Cybercriminals are consistently scanning and exploiting publicly available security bugs. Recently, the National Security Agency (NSA) has published a report, detailing the top 25 vulnerabilities exploited by hackers, urging organizations in the U.S. public and private sectors to prioritize for action.
The top 25 vulnerabilities
According to the report, Chinese state-sponsored hackers were seen abusing these vulnerabilities to launch strategic hacking operations against a multitude of victim networks.
Most of these vulnerabilities belong to products related to remote access or external web services. Such products, accessible via the internet, are often exploited to gain initial access inside the victim’s network.
Exploits in the enterprise products including gateways (including Citrix ADC and Gateway, Symantec Messaging Gateway), VPN (Pulse Secure VPN), load balancers (F5 BIG-IP), etc. could provide direct remote access to the attackers.
Additional products include business applications such as email servers (such as Microsoft Exchange, Exim mail), and application servers (such as Oracle WebLogic, Zoho ManageEngine, Adobe ColdFusion), that are being targeted by Chinese hackers.
Recent exploitation of these flaws
Not only Chinese hackers but several other low-level malware groups, ransomware gangs, and other state-sponsored hackers (including Russia, and Iran) were seen exploiting the above-mentioned vulnerabilities.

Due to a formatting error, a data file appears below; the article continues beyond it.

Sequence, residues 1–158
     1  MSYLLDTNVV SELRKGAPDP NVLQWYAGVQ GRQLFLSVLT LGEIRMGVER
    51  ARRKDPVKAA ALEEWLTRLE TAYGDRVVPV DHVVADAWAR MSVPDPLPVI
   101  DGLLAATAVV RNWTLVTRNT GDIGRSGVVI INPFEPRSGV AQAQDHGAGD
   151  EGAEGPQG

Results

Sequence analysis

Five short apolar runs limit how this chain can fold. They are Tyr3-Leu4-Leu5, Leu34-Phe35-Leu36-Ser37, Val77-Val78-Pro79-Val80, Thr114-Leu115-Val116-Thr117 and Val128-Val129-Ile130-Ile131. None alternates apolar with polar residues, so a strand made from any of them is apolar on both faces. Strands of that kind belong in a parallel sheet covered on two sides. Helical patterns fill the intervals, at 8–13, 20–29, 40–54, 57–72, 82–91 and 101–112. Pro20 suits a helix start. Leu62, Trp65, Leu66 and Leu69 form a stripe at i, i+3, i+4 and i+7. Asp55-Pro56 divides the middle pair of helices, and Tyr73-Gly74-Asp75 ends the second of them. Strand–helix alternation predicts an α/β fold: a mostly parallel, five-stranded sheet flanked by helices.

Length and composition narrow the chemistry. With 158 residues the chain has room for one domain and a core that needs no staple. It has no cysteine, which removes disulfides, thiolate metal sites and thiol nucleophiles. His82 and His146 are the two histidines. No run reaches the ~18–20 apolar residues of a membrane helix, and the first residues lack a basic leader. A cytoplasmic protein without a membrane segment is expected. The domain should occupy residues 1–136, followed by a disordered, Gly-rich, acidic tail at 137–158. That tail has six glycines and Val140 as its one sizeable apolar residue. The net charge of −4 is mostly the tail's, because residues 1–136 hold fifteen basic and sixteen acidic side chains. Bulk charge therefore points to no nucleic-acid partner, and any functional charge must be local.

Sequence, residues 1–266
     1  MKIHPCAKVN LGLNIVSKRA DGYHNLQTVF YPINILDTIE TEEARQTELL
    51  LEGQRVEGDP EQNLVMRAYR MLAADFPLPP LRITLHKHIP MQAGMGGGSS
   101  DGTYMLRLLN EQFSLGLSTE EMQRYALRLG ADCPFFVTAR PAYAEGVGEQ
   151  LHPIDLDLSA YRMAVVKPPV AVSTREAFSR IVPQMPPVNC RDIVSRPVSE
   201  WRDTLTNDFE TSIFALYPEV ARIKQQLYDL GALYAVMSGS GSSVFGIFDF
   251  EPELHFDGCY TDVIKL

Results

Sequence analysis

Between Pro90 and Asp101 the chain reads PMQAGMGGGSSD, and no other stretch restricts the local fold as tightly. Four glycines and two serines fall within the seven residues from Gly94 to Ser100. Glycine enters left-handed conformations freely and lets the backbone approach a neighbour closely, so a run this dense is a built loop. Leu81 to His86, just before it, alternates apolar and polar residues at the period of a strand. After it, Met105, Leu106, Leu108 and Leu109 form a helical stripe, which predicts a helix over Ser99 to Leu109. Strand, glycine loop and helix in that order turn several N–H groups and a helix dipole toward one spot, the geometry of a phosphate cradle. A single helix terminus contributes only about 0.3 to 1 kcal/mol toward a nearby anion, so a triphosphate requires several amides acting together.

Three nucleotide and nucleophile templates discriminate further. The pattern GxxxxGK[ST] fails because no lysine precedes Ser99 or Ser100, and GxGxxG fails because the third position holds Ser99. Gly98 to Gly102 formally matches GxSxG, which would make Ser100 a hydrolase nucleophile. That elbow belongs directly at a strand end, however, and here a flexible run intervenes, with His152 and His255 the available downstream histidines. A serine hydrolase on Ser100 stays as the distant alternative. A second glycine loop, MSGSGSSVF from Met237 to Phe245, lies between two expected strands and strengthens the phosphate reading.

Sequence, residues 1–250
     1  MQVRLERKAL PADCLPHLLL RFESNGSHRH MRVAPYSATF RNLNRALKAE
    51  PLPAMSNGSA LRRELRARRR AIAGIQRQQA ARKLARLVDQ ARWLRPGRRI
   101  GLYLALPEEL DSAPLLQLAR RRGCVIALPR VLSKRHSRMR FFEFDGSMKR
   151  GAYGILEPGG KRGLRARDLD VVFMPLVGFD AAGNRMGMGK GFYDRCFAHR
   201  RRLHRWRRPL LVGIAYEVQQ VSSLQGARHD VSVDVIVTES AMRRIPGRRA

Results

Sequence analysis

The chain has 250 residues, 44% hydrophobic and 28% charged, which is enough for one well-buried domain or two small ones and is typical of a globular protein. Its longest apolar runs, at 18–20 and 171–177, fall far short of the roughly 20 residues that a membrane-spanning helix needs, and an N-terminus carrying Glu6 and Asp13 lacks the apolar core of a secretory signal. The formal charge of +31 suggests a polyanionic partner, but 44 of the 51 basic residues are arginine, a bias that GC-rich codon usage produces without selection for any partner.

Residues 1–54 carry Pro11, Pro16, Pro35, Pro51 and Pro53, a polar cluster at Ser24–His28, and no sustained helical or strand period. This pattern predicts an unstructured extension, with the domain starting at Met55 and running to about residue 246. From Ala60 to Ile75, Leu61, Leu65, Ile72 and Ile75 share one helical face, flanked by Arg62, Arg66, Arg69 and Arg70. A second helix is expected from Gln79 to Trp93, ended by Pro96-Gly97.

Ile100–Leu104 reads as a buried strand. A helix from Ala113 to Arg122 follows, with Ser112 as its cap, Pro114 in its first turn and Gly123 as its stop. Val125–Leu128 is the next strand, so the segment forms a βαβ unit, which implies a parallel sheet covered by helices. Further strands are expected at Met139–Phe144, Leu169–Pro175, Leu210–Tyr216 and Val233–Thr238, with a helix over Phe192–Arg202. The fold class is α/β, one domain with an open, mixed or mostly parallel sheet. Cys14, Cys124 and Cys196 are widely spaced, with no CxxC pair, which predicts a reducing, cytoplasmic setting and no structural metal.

Threats actors such as TA505, MuddyWater, and Ryuk were seen abusing the ZeroLogon vulnerability (CVE-2020-1472) to target public and private sector organizations.
Hackers were seen combining VPN (CVE-2019-11510) and Windows bugs to gain access to government networks, for which CISA and the FBI had issued prior warnings.
In September, Iranian hacking group Pioneer Kitten was seen taking advantage of several unpatched vulnerabilities (CVE-2020-5902, CVE-2019-11510, and CVE-2019-19781) to target U.S. businesses and federal agencies.
The bottom line
The exploitation of such vulnerabilities could lead to the compromise of sensitive information related to a country’s policies, strategies, plans, and competitive advantage. Fortunately, all the vulnerabilities listed by researchers have patches available from their vendors. Thus, users are recommended to patch these and all other known vulnerabilities to avoid any undue risks to their infrastructure.